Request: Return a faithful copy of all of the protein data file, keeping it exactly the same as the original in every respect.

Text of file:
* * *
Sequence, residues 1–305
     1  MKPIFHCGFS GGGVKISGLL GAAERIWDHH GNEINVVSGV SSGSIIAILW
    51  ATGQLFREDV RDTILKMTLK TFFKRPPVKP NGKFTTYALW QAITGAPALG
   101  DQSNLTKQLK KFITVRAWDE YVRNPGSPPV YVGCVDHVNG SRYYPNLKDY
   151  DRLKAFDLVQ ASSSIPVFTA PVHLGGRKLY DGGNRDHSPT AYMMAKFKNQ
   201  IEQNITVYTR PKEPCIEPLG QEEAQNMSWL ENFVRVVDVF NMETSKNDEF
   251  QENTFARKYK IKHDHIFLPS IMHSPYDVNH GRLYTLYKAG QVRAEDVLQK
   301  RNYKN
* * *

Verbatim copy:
Sequence, residues 1–305
     1  MKPIFHCGFS GGGVKISGLL GAAERIWDHH GNEINVVSGV SSGSIIAILW
    51  ATGQLFREDV RDTILKMTLK TFFKRPPVKP NGKFTTYALW QAITGAPALG
   101  DQSNLTKQLK KFITVRAWDE YVRNPGSPPV YVGCVDHVNG SRYYPNLKDY
   151  DRLKAFDLVQ ASSSIPVFTA PVHLGGRKLY DGGNRDHSPT AYMMAKFKNQ
   201  IEQNITVYTR PKEPCIEPLG QEEAQNMSWL ENFVRVVDVF NMETSKNDEF
   251  QENTFARKYK IKHDHIFLPS IMHSPYDVNH GRLYTLYKAG QVRAEDVLQK
   301  RNYKN